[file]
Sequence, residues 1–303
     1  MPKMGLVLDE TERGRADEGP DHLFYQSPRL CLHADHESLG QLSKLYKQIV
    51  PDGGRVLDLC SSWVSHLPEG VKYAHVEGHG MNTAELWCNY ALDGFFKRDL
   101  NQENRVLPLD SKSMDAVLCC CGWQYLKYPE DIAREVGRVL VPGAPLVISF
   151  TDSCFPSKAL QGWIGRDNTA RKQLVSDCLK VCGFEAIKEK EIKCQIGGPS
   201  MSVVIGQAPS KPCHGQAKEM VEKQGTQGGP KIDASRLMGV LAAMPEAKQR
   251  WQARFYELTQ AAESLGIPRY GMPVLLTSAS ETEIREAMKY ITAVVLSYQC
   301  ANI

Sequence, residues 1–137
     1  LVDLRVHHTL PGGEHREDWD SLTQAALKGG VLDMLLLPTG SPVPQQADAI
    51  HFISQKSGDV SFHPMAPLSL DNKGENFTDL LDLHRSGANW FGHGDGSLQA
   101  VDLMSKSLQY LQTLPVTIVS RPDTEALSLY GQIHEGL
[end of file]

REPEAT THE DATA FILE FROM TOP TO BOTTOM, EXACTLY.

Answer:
Sequence, residues 1–303
     1  MPKMGLVLDE TERGRADEGP DHLFYQSPRL CLHADHESLG QLSKLYKQIV
    51  PDGGRVLDLC SSWVSHLPEG VKYAHVEGHG MNTAELWCNY ALDGFFKRDL
   101  NQENRVLPLD SKSMDAVLCC CGWQYLKYPE DIAREVGRVL VPGAPLVISF
   151  TDSCFPSKAL QGWIGRDNTA RKQLVSDCLK VCGFEAIKEK EIKCQIGGPS
   201  MSVVIGQAPS KPCHGQAKEM VEKQGTQGGP KIDASRLMGV LAAMPEAKQR
   251  WQARFYELTQ AAESLGIPRY GMPVLLTSAS ETEIREAMKY ITAVVLSYQC
   301  ANI

Sequence, residues 1–137
     1  LVDLRVHHTL PGGEHREDWD SLTQAALKGG VLDMLLLPTG SPVPQQADAI
    51  HFISQKSGDV SFHPMAPLSL DNKGENFTDL LDLHRSGANW FGHGDGSLQA
   101  VDLMSKSLQY LQTLPVTIVS RPDTEALSLY GQIHEGL